376 Brush Hill Road – Part II – First Impressions
I remember running through the house more than once during those weeks when the sale was being negotiated. Its spaciousness was mind-boggling. This was not just a house. It was “a mansion.” Both upstairs and down, the three rooms across the front of the house had windowed bays. The front hall was a full-size room (in contrast to the one in our house on Elm Street, a space barely big enough to turn around in) with a fireplace and floor-to-ceiling mantelpiece of smooth, sculpted red brick and a chandelier of cascading crystal prisms (periodically, my mother would climb a step ladder, carefully take those prisms down one by one, wash them and put them back up). A pair of columns marked off the reception area from the stair hall—the crossroads of the first floor. On the left a wide flight of stairs anchored by a curtail and solid square newel post gracefully topped by a low curved pyramid; intricately turned balusters and a mahogany railing stopped on the wide triple-windowed landing before U-turning to the upstairs hall. (The closet tucked under the stairway was low and cramped, inconvenient, and inadequate, but that didn’t matter, I guess, in a house intended to have servants to haul coats, hats, boots, and umbrellas up and down stairs as needed.)
There was so much to fascinate a child who had never seen such features before: twin parlors, beautiful paneling and leaded glass window in the dining room, multiple fireplaces, walk-in closets on the third floor (the fact that there was a third floor). There were two-button light switches (with mother-of-pearl disks marking the top “on” buttons), call buttons in the living room and upstairs hall (the one in the dining room was on the floor) to activate corresponding bells over the door to the back stairs (the fact that there were back stairs) in the kitchen, a speaking tube that facilitated conversation between the upstairs hall and the kitchen.
But, oh, the kitchen. That, if anything was going to be the deal breaker for my mother, who was not enamored of the place the way my father was (“How am I going to take care of all this?” she kept asking plaintively.)
My mother truly did not want to leave the house she and my father had moved into when it was brand new just thirteen years before (134 Elm Street). It might have been small, but her 1943 kitchen had upper and lower cabinets, proper kitchen counters for food preparation, a new stove and refrigerator, and sink that looked out to the backyard. (Plus, it was in a neighborhood where she had dear friends—a support system of mothers that looked out for each other, and each other’s children.)
Still in its original configuration, the kitchen at 376 certainly did not look workable to my mother. It was divided into a walk-through butler’s pantry between dining room and kitchen; its glass fronted upper cabinets had been designed for sets of fine china that my mother did not own; a larder (walk-in pantry with two walls of storage facing each other, cabinets below, open shelves above); and the main kitchen. This plain square room boasted large windows and an oversized—and ancient—gas stove (no doubt, a replacement for a black, cast iron wood or coal stove; a metal plate covered the spot where the old stovepipe had connected to the chimney). Across from the stove, a hulking porcelain sink on elephantine legs stretched the length of the wall between the door to the back stairs and the door to the back hallway.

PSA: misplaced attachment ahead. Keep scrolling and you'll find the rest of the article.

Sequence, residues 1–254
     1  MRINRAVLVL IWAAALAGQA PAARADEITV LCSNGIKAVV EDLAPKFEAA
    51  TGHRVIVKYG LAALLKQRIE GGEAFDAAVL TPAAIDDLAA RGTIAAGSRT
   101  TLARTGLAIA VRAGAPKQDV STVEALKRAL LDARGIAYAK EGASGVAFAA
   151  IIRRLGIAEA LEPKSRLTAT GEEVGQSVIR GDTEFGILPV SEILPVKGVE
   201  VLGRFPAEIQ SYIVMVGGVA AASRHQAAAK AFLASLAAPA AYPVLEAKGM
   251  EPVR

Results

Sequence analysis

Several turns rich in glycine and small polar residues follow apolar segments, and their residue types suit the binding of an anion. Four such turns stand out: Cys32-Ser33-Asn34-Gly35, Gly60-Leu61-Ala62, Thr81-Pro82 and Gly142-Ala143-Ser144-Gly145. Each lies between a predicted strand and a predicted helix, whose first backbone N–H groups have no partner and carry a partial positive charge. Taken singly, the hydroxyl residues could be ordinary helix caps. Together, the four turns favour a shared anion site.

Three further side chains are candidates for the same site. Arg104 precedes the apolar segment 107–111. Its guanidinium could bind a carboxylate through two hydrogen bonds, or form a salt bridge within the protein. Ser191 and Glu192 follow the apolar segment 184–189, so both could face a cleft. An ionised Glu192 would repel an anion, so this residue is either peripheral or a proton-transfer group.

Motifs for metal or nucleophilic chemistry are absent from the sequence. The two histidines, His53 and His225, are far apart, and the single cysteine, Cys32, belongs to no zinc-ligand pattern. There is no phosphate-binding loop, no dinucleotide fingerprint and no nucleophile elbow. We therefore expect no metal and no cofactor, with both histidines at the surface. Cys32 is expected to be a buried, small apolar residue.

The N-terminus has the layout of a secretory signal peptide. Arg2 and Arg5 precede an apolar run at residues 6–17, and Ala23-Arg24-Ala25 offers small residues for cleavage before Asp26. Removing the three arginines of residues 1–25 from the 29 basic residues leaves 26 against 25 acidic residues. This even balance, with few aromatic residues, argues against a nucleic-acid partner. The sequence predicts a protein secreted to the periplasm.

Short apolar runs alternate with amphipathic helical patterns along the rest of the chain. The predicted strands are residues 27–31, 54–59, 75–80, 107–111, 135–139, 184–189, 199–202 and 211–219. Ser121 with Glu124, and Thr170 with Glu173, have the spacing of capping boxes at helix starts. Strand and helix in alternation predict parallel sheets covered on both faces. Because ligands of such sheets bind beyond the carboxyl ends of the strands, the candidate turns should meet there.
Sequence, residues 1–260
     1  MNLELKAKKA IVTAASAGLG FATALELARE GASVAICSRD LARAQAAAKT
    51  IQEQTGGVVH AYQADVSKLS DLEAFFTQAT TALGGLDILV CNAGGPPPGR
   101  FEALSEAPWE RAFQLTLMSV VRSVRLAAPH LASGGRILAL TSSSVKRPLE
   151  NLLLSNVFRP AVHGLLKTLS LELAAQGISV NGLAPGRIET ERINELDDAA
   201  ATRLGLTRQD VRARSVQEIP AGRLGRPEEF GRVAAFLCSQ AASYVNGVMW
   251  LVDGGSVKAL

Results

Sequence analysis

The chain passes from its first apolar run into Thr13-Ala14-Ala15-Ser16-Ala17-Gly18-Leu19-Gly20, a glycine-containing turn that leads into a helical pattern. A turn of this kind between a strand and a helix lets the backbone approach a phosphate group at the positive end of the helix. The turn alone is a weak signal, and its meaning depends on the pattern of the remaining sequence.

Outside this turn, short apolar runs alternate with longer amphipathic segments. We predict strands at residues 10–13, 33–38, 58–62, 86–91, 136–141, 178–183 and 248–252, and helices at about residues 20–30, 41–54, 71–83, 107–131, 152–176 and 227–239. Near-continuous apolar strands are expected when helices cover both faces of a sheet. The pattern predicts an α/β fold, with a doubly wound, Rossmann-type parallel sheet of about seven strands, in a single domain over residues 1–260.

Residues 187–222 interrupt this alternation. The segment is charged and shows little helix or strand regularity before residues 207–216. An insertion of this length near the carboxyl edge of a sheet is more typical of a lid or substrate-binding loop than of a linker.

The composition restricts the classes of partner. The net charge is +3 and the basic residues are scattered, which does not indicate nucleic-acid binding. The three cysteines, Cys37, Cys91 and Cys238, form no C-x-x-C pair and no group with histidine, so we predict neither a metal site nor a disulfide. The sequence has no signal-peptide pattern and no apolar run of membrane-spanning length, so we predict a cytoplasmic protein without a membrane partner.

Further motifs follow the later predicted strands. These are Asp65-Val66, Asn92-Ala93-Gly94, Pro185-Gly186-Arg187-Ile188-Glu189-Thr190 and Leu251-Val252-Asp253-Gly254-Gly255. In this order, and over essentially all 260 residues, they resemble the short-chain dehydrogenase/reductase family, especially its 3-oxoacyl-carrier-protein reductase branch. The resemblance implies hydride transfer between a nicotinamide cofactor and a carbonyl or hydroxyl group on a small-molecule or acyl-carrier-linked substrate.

Plain Jane, unadorned, and functional, the short, narrow back hallway was designed to be the realm of servants. From the kitchen, the first door on the left opened onto stairs to the basement; the second door on the left with a clear glass window provided access to (and light for) the stair hall; on the right, a window onto the back porch and the back door; straight ahead, a tiny, non-nonsense bathroom (servants only); surely this unheated cubicle was not intended for family use.
Well, my father promised to have the kitchen renovated before we moved in. And he did. The pantries, the ancient stove, and offending sink were all ripped out. In their place a modern, L-shaped sleek birch cabinetry, as well as red countertops and backsplash ran from the dining room door to the chimney. There was a new slide-in gas stove in the middle on the chimney-wall side of the L. And on the other side, a stainless steel sink under a big picture window that looked out toward the fishpond, the flowering crab trees, the rock garden, and the barn. Underpinning all, the pseudo-brick linoleum flood ubiquitous in every new kitchen of the mid-1950s. Anchoring the room, a hard-rock maple table, its four-foot diameter stretch to an oval, two “captains” chairs, six “mates” chairs (no arms) and a lazy susan in the middle. The old light fixture above with its white glass globe and pull-string were the only remnant of the “old” kitchen.
Every room (on the first and second floors) was repainted. I have the foggy impression that all the walls had been a nondescript shade of pink, overlaid by a grayish-black coating sent forth over the years by the malfunctioning coal-turned-to-oil furnace in the cellar.